Archive for April 8, 2007

Nupur’s A-Z of Indian Vegetables ~ K is for Kamal Kakri

lotus root
the beautiful shapes of sliced lotus root

lotus root pakoras
snow-white inside, golden-crispy outside

It’s Saturday again — time for lovely Nupur’s A-Z of Indian Vegetables!

“K” is for kamal kakri, or lotus root. Widely known in Asia, it is just one of many edible parts of the perennial plant classified as nelumbo nucifera. Lotus root has a fairly bland taste, with a texture somewhere between that of a potato and a water chestnut. Wiki states that lotus root (actually a rhizome) has been found to be rich in dietary fiber and vitamin C, among other nutrients, as well as low in fat.

What’s that you say? A nutritious vegetable that is low in fat??? I can fix that 🙂

lotus root pakoras
spicy lotus root pakoras

The shape of lotus root is so lovely; it always seems a shame to chop it up. I decided to be decadent and fry the slices whole, as pakoras. I was really excited about the batter — an experiment that turned out better than any I’ve made yet. I was in the mood for something spicy and feeling lazy, so I used Badshah meat masala in the mix, and plenty of it. You could use any blend you prefer. Lotus root mimics potato in holding its shape for frying; unlike potato, it retains its crunchy texture inside. I wanted my son to try one, so I told him it was a french fry. He promptly gobbled it up and then told me it was good, but undercooked 😉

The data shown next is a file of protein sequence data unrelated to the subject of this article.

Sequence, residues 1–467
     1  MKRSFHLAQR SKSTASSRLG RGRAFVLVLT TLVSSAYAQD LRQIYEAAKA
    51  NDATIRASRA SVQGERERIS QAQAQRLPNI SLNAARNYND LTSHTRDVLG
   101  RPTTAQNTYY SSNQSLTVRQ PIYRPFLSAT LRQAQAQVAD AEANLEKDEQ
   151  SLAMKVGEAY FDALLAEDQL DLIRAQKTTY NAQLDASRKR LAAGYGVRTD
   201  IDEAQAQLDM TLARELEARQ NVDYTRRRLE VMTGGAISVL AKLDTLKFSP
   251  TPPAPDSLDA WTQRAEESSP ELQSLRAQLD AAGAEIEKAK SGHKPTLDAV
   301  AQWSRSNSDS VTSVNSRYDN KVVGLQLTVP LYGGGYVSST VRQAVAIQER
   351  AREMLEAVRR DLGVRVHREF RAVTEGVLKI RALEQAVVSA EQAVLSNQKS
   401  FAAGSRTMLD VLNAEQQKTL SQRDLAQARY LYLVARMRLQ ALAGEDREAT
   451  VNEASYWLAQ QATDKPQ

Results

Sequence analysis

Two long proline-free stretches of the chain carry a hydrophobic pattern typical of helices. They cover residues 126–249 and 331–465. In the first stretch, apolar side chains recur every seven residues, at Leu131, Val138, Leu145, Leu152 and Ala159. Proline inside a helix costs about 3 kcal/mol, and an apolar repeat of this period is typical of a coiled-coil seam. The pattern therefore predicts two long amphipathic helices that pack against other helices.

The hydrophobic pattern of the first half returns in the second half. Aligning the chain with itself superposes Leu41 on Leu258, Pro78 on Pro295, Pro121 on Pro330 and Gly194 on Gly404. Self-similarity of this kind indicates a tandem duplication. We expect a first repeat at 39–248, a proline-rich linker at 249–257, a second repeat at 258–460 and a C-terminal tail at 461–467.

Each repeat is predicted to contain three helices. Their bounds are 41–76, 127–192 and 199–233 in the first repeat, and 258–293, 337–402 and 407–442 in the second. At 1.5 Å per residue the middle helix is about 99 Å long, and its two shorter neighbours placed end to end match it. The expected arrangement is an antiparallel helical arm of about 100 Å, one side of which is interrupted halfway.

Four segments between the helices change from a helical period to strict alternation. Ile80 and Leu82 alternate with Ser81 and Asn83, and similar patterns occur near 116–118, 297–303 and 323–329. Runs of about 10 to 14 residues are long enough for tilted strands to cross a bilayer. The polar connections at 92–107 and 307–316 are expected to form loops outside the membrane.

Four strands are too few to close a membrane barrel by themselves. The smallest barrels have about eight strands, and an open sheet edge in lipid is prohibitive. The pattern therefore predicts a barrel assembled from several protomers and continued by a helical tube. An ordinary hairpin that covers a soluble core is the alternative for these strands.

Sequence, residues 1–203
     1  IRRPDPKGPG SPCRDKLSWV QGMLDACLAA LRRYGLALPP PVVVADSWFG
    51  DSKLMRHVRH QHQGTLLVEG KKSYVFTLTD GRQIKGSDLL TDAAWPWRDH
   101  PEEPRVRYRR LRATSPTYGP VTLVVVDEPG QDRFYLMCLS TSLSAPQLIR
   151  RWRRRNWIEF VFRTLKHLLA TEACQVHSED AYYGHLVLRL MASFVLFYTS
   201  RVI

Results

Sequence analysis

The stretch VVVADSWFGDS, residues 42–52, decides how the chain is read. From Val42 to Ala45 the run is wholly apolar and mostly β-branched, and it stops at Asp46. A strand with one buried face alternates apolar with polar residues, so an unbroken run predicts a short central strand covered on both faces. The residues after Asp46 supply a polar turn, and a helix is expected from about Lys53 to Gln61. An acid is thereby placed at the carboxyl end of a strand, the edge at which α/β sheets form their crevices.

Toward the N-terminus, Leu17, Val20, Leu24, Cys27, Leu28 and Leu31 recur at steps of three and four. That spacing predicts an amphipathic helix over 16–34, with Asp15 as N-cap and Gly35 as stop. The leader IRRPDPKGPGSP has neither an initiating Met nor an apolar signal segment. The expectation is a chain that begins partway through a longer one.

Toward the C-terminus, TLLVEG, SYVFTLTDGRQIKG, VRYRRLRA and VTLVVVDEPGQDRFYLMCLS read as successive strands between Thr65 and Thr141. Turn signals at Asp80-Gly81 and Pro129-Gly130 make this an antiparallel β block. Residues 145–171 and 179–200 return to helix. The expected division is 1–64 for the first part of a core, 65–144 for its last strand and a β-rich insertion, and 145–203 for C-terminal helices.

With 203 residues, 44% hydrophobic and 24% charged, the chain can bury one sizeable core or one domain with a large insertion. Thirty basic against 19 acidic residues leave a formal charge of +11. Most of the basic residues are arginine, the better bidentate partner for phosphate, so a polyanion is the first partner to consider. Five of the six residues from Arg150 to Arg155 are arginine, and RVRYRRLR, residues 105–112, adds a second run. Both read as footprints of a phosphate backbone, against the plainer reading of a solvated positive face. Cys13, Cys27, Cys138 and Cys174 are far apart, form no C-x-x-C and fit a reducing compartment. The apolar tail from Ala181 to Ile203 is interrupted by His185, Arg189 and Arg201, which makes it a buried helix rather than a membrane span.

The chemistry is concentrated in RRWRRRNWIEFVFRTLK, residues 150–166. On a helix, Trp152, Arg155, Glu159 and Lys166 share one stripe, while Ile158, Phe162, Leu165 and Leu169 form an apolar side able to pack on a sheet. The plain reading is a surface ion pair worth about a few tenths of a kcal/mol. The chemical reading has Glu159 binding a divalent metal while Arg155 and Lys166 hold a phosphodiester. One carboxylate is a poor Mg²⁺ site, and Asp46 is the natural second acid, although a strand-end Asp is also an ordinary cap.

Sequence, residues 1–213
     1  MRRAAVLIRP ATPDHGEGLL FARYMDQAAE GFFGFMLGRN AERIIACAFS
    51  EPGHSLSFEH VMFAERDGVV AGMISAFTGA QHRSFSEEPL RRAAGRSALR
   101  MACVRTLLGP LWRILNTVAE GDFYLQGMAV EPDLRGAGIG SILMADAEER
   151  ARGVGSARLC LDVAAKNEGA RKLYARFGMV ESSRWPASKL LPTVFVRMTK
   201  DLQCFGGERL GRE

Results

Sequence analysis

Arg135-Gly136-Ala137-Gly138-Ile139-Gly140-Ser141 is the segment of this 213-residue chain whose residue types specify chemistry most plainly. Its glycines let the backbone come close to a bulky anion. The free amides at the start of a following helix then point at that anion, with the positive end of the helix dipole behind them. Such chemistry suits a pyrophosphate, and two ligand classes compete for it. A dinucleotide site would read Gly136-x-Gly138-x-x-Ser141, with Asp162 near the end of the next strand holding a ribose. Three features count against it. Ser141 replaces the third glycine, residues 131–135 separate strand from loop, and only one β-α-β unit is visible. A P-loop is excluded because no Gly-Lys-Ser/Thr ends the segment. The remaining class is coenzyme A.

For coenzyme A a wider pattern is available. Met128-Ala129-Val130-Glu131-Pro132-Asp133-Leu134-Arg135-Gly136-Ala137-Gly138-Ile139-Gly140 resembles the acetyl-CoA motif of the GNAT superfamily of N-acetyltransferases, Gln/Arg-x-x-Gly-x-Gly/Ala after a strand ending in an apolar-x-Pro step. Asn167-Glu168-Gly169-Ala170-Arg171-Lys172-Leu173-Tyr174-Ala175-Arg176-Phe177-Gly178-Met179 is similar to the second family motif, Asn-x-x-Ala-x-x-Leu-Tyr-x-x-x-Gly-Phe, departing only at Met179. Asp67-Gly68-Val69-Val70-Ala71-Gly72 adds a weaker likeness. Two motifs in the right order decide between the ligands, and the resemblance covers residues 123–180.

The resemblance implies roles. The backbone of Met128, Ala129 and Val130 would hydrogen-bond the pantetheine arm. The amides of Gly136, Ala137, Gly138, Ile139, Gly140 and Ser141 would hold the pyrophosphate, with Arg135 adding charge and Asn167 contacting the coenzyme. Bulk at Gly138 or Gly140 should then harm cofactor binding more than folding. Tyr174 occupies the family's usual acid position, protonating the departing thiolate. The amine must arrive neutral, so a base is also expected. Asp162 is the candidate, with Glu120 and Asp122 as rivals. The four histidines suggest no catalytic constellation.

Lotus Root Pakoras

1/2 – 3/4c sliced lotus root (mine was water-packed from an oriental market — fresh would need to be cleaned and boiled)

1/3 c besan
1/8 tsp baking powder
1 TB rice flour
1 TB thin poha
1/2 tsp cumin powder
1/2 tsp salt
2 tsp Badshah meat masala (or any spice mix you prefer)

6 TB water

oil for deep-frying

Sift the besan and baking powder into a bowl. Add the rice flour, poha, salt and spices and mix well. Add the water, 1 TB at a time, until you have a medium thick batter. Let the batter rest 15 min.

Lay the sliced lotus root between paper towels to absorb moisture — this helps the batter adhere.

In a kadai or other deep pan, heat oil for deep-frying over medium heat. When the oil is ready, dip the slices into the batter and drain the excess before sliding into the oil. Fry slowly on medium heat about 2-3 minutes per side. Drain well on more paper towels, sprinkle with salt if desired, and serve hot.

lotus root pakoras on Imperial glass
crispy pakoras of crunchy lotus root and yogurt mixed with cilantro chutney ~ served on a canary yellow Twisted Optic snack set by Imperial Glass, circa 1920

Thank you, Nupur, for this continuing alphabetical adventure!

And now I must hop off to the bunny-hole, for even teenagers like candy on Easter morning. For those celebrating, have a Happy Easter, and for those who are not, have a Happy Weekend!


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